• Re:Umm, what? (Score:3, Insightful)

    by Falconhell ( 1289630 ) on Monday November 23, 2009 @10:13PM (#30209432) Journal

    Because it it totally impossible that a container could be added to a ship already at sea. I mean its not as if ships have cranes or anything.

  • Re:Another Crisis? (Score:4, Insightful)

    by GrumblyStuff ( 870046 ) on Monday November 23, 2009 @10:18PM (#30209456)

    It's the consequence of giving anyone the position to make announcements and proclamations. Even without the government, night news would still be on at 6 to tell you that something IN YOUR HOME or AT SCHOOL or ON THE JOB can kill you!!!

  • Re:Another Crisis? (Score:3, Insightful)

    by GrumblyStuff ( 870046 ) on Monday November 23, 2009 @10:21PM (#30209480)


    on at 6 to tell you at 11.

  • by gbutler69 ( 910166 ) on Monday November 23, 2009 @10:36PM (#30209568) Homepage
    Yes. That's the idea. These things can scan traffic for nuclear materials as you drive through at 30 mph.
  • Re:Umm, what? (Score:3, Insightful)

    by syncrotic ( 828809 ) on Monday November 23, 2009 @11:44PM (#30209922)

    Actually, you don't. Know me, I mean.

  • by u38cg ( 607297 ) <> on Tuesday November 24, 2009 @04:00AM (#30210926) Homepage
    Well, year on year, cigarettes kill more people than nukes. Amazing, really, and it's just a plant.
  • by anorlunda ( 311253 ) on Tuesday November 24, 2009 @09:01AM (#30212488) Homepage

    The NYT article says that the current demand for H3 is 65,000 liters per year. WTF!!!

    I can't believe that so much H3 is needed for new screening machines. It must be true that the machines are leaking the H3 or contaminating it and thus needing to replenish it all the time.

    If it were private industry rather than Homeland Security that wanted the screening function, the regulators would force them to refine the design until they need only one liter or less per machine, and then to protect the asset so that it never leaks or gets contaminated. One liter per ten years per screening machine sounds like a more reasonable quota.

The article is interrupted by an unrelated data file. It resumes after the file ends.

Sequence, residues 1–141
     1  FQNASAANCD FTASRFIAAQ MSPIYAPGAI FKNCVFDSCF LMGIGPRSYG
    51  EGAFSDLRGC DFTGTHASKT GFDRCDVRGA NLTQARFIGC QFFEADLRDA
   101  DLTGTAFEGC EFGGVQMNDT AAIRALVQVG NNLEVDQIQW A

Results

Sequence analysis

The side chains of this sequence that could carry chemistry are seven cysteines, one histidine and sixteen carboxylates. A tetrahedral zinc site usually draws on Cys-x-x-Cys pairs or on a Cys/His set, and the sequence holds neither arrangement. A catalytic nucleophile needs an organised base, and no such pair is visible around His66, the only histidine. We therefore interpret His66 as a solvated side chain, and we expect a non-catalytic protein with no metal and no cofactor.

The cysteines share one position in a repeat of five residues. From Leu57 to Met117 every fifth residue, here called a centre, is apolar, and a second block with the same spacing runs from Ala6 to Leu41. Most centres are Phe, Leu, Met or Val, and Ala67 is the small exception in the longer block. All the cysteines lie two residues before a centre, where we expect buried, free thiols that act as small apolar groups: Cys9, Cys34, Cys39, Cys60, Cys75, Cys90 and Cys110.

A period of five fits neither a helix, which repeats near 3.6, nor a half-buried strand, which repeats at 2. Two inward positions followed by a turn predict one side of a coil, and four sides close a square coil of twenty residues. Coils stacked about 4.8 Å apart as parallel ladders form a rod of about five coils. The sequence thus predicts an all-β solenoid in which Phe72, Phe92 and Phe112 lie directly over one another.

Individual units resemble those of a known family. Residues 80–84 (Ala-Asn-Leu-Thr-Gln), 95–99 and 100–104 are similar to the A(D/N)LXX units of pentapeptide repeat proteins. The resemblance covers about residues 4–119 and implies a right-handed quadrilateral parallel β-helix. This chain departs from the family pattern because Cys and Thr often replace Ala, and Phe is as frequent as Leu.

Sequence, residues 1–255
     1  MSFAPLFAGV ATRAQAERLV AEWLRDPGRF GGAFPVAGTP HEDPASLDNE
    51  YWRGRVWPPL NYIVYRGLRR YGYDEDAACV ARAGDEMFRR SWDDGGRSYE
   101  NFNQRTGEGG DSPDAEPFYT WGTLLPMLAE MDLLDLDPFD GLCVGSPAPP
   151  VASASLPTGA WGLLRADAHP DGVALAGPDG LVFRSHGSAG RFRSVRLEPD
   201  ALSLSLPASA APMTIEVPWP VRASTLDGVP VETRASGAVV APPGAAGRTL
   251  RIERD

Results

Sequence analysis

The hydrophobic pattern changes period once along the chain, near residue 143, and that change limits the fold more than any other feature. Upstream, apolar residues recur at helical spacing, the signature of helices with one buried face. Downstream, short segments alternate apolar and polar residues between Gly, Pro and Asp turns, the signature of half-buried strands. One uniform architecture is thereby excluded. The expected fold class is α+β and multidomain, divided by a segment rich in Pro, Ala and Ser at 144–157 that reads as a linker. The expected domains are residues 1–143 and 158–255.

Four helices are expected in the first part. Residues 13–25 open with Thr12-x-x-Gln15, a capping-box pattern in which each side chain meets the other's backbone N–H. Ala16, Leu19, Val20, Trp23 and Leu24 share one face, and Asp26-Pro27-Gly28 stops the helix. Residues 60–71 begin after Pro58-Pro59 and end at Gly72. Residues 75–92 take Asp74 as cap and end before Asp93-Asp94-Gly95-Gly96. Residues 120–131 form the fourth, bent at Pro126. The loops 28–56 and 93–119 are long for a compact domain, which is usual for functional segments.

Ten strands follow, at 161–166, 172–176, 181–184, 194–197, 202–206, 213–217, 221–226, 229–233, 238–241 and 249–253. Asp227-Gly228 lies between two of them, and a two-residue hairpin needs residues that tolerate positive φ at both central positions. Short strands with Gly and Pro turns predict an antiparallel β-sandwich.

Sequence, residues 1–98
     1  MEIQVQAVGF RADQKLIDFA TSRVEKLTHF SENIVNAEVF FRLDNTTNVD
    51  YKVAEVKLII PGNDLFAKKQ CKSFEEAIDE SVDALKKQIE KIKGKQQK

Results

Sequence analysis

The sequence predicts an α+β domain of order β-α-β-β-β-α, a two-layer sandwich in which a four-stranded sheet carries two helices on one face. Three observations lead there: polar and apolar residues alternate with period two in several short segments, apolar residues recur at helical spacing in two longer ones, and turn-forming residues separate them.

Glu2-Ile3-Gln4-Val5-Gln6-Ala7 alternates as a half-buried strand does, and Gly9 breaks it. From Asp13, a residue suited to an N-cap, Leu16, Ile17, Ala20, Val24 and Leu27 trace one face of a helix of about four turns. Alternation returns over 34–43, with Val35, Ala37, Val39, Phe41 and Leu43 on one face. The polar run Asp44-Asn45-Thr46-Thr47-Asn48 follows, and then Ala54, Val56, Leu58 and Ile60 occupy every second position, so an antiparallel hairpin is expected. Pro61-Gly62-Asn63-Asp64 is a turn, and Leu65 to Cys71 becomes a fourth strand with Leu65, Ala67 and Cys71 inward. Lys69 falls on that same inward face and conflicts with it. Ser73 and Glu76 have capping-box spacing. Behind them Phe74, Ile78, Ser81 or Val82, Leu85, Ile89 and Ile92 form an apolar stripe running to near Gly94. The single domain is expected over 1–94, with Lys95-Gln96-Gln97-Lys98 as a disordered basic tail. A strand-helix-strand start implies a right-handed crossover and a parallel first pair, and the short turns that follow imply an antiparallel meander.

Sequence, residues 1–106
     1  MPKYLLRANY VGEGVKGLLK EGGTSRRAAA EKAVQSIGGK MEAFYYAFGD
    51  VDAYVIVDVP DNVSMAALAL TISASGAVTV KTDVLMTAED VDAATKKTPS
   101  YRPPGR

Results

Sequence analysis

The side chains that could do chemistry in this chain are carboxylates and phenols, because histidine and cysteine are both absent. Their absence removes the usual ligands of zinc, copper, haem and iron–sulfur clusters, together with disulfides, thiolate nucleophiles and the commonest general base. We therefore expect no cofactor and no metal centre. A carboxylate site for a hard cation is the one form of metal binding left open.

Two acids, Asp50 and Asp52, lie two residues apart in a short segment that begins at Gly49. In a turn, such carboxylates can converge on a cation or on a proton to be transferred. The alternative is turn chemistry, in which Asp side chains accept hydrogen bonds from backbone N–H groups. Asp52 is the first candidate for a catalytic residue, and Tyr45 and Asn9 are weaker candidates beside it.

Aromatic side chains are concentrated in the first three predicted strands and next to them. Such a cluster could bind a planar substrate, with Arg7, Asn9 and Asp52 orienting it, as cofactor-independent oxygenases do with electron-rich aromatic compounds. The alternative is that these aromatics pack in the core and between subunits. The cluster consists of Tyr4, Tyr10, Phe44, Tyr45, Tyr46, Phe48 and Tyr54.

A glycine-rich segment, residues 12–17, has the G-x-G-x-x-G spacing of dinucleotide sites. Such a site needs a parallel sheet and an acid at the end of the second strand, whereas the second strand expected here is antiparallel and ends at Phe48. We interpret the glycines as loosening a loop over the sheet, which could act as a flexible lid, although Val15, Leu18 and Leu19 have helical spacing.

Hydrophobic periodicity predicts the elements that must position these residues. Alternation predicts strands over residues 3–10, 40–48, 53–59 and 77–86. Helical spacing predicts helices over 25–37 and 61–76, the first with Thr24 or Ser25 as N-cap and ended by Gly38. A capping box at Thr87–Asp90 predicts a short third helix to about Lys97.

I attribute this crisis to the inability of government to regulate itself.

    By the way, I live on my sailboat and cruise internationally. I know that hundreds of thousands of recreational boats enter the USA every year. Every one of them is capable of carrying one or more nuclear warheads. Are these boats screened? No. In many cases they just call a 800 number to report their entry.

  • Re:Umm, what? (Score:4, Insightful)

    by radtea ( 464814 ) on Tuesday November 24, 2009 @10:48AM (#30213600)

    Because it's impossible to load a bomb onto a ship while it is at sea.

    And a nuclear bomb is so big it can't fit into a modest-sized sailboat of the kind that people have been known to sail around the world in. There are thousands upon thousands of such boats, and the rate of inspection of cargo is pretty much nil. So unless you're going to stop everyone crusing along your coasts and inspect them, no matter how small the boat, you're going to have to live with the risk that nuclear weapons will be delivered to your shores.

    I'm sure the Organs of the State would love to institute a program of random coastal inspection. After all, harrassing innocent sailors is the only way to keep America safe, and the revenue they could generate from seizing yachts would no-doubt keep them in coke and hookers for a long, long time.

Never buy what you do not want because it is cheap; it will be dear to you. -- Thomas Jefferson